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December 27, 2011 9:11 am

The Amend Corner: Nothing New

Written by Don Amend

In just a few days, it will be January, the beginning of a new 12-month period that we  will call 2012.

One of the odd things about our tracking of time is that, while we name our years based on calculations made by a Christian monk back about a millenium and a half ago, we name our months after the gods and emperors of the pagan Roman Empire. Consequently, we call next month January, after the Roman god Janus.

Being polytheists, the Romans had a god for just about everything, and Janus was in charge of gates and doors, so he was recognized during periods of transition, including stuff like being born, reaching adulthood and getting married. So it’s rather appropriate, I suppose, that he would be the god in charge of the first month of the year.

Anyway, the thing about Janus is that he had two faces, which were aimed in opposite directions,  giving him the ability to look backward and forward at the same time, which is kind of what we’re doing this week — remembering  last year and looking forward to next.

Well, as we look forward, there’s a lot of apprehension about what 2012 will bring. We are, after all, still trying to find our way back to economic prosperity, and while our war in Iraq has ended (we hope), the one in Afghanistan is still on. If that’s not enough, there’s always the prospect of new enemies popping up and Mother Nature’s tendency to drop hurricanes, drought, earthquakes and floods into the mix of things to worry about.

And, of course, 2012 will be an election year, so politicians on all sides will spend most of the year warning us of the horrors that will happen if the other side wins the election in November.

I wasn’t given the gift of prophecy, so I’m not one to try to predict the future.

The past, though, is a different story, and I’ve been looking backward a little over two centuries in recent days while trying to finish reading an excellent—and rather lengthy—biography of George Washington. Doing so has refreshed my memory of the events surrounding the beginning of America as we know it, and, as always, I’m fascinated by how familiar some of the situations back then seem today.

All was not peaceful during the eight years Washington served as president. Just as today, the country was divided, often bitterly. Washington and Secretary of the Treasury Alexander Hamilton both supported a strong central government based on their experiences as military leaders trying to fight a war for a weak central government. Secretary of State Thomas Jefferson and U.S. Representative James Madison, neither of whom had served in the military during the war, were opposed. Consequently, the two sides clashed over the national debt, the power of banks, taxation, the value of money and the size of the bureaucracy, all the same issues that are driving our current political debate.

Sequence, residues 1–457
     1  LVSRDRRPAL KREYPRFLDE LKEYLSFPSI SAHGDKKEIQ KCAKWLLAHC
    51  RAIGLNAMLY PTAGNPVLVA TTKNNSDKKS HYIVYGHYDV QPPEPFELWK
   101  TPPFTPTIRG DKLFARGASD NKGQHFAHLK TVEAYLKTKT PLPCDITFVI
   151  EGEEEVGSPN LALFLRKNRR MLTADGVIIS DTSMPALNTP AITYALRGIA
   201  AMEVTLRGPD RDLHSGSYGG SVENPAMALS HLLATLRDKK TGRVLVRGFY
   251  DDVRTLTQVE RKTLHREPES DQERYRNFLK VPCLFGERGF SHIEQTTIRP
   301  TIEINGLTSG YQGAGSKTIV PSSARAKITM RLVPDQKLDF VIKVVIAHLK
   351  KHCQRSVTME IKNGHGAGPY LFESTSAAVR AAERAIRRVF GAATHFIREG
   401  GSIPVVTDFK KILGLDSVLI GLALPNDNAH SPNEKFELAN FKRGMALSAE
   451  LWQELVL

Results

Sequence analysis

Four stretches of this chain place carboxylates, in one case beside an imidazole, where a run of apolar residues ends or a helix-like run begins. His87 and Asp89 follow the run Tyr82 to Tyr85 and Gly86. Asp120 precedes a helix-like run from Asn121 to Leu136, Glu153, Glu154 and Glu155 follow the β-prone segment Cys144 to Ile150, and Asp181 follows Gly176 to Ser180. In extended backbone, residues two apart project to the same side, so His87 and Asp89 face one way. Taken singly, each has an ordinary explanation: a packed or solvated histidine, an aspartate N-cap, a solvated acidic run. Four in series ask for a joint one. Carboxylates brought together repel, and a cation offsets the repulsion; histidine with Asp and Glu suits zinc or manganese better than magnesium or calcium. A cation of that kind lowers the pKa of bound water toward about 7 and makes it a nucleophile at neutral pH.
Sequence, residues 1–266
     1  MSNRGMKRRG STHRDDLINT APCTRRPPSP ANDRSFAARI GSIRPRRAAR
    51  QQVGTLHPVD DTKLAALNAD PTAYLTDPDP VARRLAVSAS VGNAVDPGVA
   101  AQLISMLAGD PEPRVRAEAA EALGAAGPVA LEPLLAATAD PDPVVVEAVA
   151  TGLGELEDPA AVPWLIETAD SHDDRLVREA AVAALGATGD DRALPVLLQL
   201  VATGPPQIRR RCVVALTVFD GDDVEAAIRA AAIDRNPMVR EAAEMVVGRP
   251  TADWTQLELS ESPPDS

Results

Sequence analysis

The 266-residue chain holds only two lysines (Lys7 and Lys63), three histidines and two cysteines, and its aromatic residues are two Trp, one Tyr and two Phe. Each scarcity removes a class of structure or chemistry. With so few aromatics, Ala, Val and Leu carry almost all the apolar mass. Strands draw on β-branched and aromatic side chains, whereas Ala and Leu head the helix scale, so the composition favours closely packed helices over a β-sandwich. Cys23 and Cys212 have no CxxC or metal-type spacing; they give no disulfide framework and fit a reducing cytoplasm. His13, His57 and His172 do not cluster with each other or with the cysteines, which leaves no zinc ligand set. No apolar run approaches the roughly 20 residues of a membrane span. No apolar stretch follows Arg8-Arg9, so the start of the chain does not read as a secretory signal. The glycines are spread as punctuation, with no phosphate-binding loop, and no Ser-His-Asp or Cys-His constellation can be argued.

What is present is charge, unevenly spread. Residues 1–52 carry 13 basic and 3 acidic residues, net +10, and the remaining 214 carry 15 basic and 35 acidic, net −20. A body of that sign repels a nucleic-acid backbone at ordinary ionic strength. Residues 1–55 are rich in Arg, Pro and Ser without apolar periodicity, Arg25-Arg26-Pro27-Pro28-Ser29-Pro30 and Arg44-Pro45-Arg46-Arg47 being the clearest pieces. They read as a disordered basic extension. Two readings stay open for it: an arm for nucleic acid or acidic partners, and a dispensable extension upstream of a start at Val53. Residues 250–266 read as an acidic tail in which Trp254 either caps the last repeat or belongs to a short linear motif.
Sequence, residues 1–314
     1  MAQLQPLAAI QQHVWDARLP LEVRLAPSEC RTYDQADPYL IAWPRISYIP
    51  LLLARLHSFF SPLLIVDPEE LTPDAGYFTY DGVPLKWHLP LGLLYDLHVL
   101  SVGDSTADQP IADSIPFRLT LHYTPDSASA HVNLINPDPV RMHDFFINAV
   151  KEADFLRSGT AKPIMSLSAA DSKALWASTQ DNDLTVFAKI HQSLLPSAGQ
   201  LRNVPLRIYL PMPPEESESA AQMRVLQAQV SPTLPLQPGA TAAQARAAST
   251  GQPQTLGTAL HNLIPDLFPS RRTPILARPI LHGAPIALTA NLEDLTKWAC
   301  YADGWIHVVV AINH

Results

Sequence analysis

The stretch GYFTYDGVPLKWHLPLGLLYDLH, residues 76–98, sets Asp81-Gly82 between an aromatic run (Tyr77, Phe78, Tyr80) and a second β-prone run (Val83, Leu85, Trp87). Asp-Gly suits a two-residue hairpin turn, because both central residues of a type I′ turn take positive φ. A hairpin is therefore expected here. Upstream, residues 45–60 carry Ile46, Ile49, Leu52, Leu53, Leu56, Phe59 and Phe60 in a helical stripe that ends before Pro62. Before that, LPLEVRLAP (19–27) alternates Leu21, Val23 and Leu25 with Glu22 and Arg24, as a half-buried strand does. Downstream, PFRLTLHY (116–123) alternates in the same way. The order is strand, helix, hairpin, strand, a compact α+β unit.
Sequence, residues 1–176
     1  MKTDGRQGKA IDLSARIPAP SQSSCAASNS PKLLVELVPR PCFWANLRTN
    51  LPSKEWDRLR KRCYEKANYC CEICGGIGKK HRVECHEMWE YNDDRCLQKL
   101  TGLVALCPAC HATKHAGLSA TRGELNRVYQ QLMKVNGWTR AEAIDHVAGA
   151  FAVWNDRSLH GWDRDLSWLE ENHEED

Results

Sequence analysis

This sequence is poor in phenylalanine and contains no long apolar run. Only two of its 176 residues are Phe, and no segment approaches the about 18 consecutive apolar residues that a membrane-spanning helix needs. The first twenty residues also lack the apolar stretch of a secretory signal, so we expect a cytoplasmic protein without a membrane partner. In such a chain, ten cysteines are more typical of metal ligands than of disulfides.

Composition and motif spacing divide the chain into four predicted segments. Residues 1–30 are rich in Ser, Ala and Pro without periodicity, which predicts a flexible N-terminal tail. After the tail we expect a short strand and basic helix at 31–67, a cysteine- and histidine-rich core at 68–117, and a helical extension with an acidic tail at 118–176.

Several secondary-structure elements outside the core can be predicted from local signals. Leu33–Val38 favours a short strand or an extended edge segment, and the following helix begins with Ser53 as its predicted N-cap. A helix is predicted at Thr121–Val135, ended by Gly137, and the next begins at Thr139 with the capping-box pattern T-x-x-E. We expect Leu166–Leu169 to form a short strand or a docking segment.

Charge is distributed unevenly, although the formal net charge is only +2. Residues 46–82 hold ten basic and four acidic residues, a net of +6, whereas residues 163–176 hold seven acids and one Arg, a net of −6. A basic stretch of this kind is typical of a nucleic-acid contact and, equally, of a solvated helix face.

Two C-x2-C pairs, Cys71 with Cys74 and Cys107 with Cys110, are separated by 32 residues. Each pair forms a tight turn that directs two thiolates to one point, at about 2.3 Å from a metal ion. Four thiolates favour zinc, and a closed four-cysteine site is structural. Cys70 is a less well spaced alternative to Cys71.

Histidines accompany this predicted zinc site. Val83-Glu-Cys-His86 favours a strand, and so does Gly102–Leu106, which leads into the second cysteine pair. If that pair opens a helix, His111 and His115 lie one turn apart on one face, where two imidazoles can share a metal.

They also clashed over foreign policy, most particularly over our relationships with England and France. Washington wanted good relations with England and was troubled by the excesses of the French Revolution, while Jefferson was suspicious of England and supported the French revolution.

It was a nasty rivalry, and despite the esteem Washington had earned with his life, some members of the press attacked him viciously. Jefferson gave one Philip Freneau a token position in the State Department, but his real job was trashing Hamilton’s policies in a newspaper. Another, Benjamin Franklin Bache, the grandson of Ben Franklin, actually questioned the patriotism of Washington, suggesting that he had really not wanted America to defeat England and had not tried very hard to win the war.

These people commonly believed that Washington was really a monarchist who wanted to be king, a ridiculous accusation given that Washington really didn’t want to be president and considered retiring even before his first term was complete.

Today, of course, we tend to look back on those men with reverence, believing that somehow they were above such behavior, unlike our political leadership. But that’s not a realistic view. Washington, Jefferson, et. al. were politicians, and they were forming political parties even as they publicly decried the formation of parties. And the Freneaus and Baches of the world were every bit as nasty as today’s cable news commentators.

So as we approach the new year, it’s worth remembering this bit of Old Testament wisdom, which I’ll quote in the King James Version because this year was the 400th birthday of that translation:

“Is there any thing whereof it may be said, See, this is new? It hath been already of old time, which was before us.”

As we enter the new year, it’s natural that we look ahead, and just as natural that we will be a bit uneasy about what lies ahead. But we also should look backward — not at the mythology of the past, or the past as we wish it had been, but on the reality of the way things were. Doing so will remind us that we have fought the same battles before and we have survived, and we can draw on the memory of those battles to survive again.

Happy New Year.

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